Title: Fear and His Servant (original title: Strah i njegov sluga )
Writer: Mirjana Novaković
Publishing House: Peter Owen Publishers (originally published by Beograd:ReVision Publishing)
Date of Publication: April 1st 2018 (first published 1999)
Rating: 5 stars
‘’Like everyone else, I want gifts that come from the heart, the gift without a price. I’ve wondered this earth for such a long time, I’ve worn myself to the bone, but I have yet to meet a soul that will offer itself to me freely and not ask for anything in return.’’
A strange mist has fallen over beautiful Belgrade. The lamplights are too weak tonight. If you listen closely, you will hear footsteps. Two sets of footsteps, in fact. One swift, assured but light. The other cautious, alerted and slightly tired. If you concentrate, you will see two men walking in the streets of the White City, two men as different and day and night, as light and darkness. Who may this strange duo be? Well, none other than the Devil and his servant.
…Welcome to Belgrade as you’ve never seen it before…
‘’When the dead are disturbed and their bones unearthed, great evil shall follow. It’s not good to lay hands on the dead.’’
18th century. A dashing Count and his wise servant are sent to Belgrade. Serbia has freed herself from the grasp of the Ottoman Empire but the Habsburg Monarchy pretends to be the protector. However, problems arise from another front. A supernatural source. Vampires. The Vampire legend is alive and extremely strong in Serbia and in most Balkan countries. I distinctly remember an incident that took place in Zarozje in 2012 when it was believed that Sava Savanović was in the loose. Savanović is one of the most fascinating Serbian legends, one of the few vampires that are known by their full name. Although I highly doubt vampires exist, my boyfriend’s mother has told me tales to make your blood freeze and when I had the chance to visit Djavolja Varoš or ‘’The Devil’s Town’’, I actually felt as if I had stepped into a mystical, beautiful and extremely dark place. Now, in our story, the Count is sent to uncover the vampires that want to ‘’attack’’ the White City but no one has actually thought that this stranger might be a tiny bit more dangerous since, you know, he happens to be the Devil.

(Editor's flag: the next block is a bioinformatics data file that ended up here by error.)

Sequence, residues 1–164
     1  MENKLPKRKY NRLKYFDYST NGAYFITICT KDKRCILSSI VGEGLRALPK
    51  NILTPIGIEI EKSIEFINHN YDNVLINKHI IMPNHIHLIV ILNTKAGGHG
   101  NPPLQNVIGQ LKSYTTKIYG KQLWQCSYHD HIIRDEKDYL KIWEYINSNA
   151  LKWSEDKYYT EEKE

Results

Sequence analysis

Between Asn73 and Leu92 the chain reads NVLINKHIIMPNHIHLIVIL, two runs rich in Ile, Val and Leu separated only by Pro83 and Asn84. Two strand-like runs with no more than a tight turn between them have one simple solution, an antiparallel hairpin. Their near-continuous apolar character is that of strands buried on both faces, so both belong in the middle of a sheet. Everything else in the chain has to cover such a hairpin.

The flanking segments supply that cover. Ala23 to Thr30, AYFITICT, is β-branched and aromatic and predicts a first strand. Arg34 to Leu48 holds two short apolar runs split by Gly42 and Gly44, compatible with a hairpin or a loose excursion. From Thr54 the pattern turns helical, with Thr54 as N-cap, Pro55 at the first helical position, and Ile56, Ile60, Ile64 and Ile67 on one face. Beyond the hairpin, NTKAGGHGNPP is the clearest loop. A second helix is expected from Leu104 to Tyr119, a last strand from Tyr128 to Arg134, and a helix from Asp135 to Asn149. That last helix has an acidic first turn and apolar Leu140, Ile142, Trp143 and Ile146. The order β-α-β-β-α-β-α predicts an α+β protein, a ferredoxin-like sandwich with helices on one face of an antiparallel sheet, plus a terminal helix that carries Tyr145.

‘’Nothing but my footsteps, hollow footsteps, along the empty streets. My tread. The echo.’’
‘’What did the city look like? Or the river? It must be black. There was no gleam of water, no moonlight. When there’s nothing to shine upon it, it isn’t there.’’
Mirjana Novaković has created a story that defies genres and stereotypes. In an eerie, Gothic setting in one of the most beautiful European cities, Novaković plays with features of Historical Fiction, Gothic, Philosophy and Psychology, and the result is a novel that touches on a number of issues that concern and define human nature, guiding us to a journey in the history of the Serbian people. Walking in the heart of a perpetual fog, we learn about the Battle of Kosovo, one of the defining moments in Serbian History, about Saint Sava, the protector of Belgrade, and the Albanians and the Tatars that amply demonstrate how foes of the past remain foes of the present and the future.
‘’But most people are bloody fools and only know what they see.’’